SunSpec Brings Standardized Data to New Energy Technologies
New energy technologies such as solar and wind power produce data in different ways from centralized power generation systems like coal or nuclear power. Yet because they’re distributed across a wider area, accurate data about their production and status is even more important to utilities and regulators. The SunSpec Alliance is an industry alliance working with utilities, manufacturers and government to help standardize the data from distributed energy resources. We spoke with SunSpec chairman Tom Tansy about their efforts and how IEEE Standards Association has been part of it.
The SunSpec Alliance works in the distributed energy resource space. Tell us what that is and what you do.
To understand what distributed energy is, start by understanding the opposite—centralized energy, which is a coal plant or a natural gas plant or a nuclear power plant that’s connected to the transmission grid.
Distributed energy is a form of generation that’s attached directly to the distribution grid. It’s basically synonymous with solar and wind power, though there are a few other kinds.
The issue is that a modern grid can’t run without data communication. Utilities have perfect information about centralized plants, but solar is located on people’s rooftops, that kind of thing. So they don’t have a very good picture of whether they’re switched on and available to draw on, or even still out there.
About ten years ago plant builders started putting communications out there as part of their installations, on an ad hoc basis. Seven years ago, SunSpec was created to help define communication standards and information models and protocols, so these plants could communicate with the grid. Now you’re starting to get the states mandating how the data will work. California and Hawaii are the first, and literally the state public utility commissions have determined that they can’t support rollout of the smart grid without this kind of information.
Describe how SunSpec works as an organization.
SunSpec is seven years old and has about 100 members and related business partners. We operate on a global basis and our standards have been adopted by regulators not only in California and Hawaii, as mentioned, but in countries like Denmark.
We work with all the major solar inverter equipment providers and collaborate with national labs all around the globe—Sandia, Argonne and others in the U.S., and with labs in Austria, Italy, Japan, Canada, Germany, and we just started working with Taiwan. We’re rolling out our technology to 26 countries involved in smart grid research.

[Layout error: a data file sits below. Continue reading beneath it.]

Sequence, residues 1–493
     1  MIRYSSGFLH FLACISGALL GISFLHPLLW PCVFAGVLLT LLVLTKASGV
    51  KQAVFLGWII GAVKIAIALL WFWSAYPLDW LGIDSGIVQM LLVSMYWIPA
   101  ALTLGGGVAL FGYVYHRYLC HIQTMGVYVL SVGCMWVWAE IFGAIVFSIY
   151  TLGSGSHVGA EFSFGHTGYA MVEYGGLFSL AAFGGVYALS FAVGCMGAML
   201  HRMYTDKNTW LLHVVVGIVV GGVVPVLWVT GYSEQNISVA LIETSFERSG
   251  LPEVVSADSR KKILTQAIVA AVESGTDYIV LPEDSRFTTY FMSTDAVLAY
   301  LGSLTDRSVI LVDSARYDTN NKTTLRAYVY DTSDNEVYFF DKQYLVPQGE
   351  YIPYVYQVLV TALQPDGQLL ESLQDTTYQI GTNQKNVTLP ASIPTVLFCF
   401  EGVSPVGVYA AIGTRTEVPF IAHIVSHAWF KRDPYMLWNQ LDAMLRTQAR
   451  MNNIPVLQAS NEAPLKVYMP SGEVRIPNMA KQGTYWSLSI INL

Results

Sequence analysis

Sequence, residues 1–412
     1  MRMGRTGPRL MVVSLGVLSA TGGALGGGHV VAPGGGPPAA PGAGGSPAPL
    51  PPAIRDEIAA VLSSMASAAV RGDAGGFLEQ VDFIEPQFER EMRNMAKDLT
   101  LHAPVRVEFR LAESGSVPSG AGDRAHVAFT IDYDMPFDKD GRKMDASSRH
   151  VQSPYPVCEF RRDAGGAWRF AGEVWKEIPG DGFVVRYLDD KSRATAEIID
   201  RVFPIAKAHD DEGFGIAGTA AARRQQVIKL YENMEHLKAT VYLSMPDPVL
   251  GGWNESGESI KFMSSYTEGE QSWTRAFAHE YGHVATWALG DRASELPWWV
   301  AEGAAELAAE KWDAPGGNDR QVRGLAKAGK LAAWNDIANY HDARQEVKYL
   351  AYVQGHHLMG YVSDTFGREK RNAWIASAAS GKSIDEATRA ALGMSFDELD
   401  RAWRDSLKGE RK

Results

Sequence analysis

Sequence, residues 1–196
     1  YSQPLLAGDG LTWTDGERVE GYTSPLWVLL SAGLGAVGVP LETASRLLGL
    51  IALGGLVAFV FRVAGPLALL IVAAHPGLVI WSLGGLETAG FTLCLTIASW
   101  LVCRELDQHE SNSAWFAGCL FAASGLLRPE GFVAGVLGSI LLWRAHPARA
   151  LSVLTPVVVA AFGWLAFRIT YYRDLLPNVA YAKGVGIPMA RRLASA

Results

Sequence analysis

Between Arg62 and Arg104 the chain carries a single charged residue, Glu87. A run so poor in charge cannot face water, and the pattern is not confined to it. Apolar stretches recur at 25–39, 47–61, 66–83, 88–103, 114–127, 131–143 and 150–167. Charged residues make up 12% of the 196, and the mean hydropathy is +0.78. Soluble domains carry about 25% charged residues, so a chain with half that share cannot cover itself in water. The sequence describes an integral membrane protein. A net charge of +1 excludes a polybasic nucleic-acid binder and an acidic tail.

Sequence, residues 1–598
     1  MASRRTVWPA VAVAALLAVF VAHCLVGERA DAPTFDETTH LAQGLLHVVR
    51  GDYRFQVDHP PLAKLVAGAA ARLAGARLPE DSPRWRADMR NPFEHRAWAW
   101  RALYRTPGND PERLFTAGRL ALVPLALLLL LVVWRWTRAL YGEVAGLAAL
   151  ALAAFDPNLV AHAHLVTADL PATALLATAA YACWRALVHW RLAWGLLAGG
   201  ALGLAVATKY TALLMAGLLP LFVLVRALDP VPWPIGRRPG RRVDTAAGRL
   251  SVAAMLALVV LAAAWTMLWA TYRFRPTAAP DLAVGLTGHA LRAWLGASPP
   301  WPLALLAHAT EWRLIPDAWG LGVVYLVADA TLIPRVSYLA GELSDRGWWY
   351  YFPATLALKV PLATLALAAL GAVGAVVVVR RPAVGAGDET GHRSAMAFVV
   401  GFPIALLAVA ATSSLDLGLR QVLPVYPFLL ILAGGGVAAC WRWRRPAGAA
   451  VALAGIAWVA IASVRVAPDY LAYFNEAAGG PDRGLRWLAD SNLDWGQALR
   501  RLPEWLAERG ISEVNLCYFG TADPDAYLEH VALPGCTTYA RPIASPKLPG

We just recently won an award from the U.S. Department of Energy for what’s called the Orange Button initiative, to define data interchange standards to support financing and banking for distributed energy projects.
How does the financial industry connect to this?
Solar projects are financed in many ways, a loan, leasing, etc., but there’s almost always some kind of long term financing. And those investors want data. They want a general description of the asset, where it is, when it went into operation, who built it. The banks want to know that it’s still producing, any fault conditions that might impact what it’s producing. If it’s in a residential location, they want a creditor score, to know that the owner still has a job.
We want to make sure that there are standard formats for that data. A standard interchange format for data will reduce the cost of financing these projects.
How has IEEE been a part of this process?
IEEE has been part of several different aspects of it. Basically, we’re a developer of de facto standards—we evaluate the landscape, determine what the gaps in existing standards are, and we fill in the gaps that our members tell us about.
That means we work with groups like IEEE to improve the standards to reflect what our members are doing. We’re on the editing committee of IEEE 2030.5™, and one of our members is the chairman for IEEE 1547™.
The cadence of our work is on the order of one to two years. Our members are working on de facto standards that take, say, 9 to 12 months. The deployment phase is another year. By that time people are looking around saying, that should be a standard, and so we take that de facto standard into the IEEE standards process. As a trade alliance we can do this work for all our members at the same time.
What do you see as the benefit of allying with SunSpec for IEEE members?
Well, for those looking at the California market, you’re looking at compliance with IEEE 2030.5—and SunSpec contributed the core technology for distributed energy resources to that standard. So we’re experts, and we’re looking for other likeminded people who want to deploy this technology at scale.
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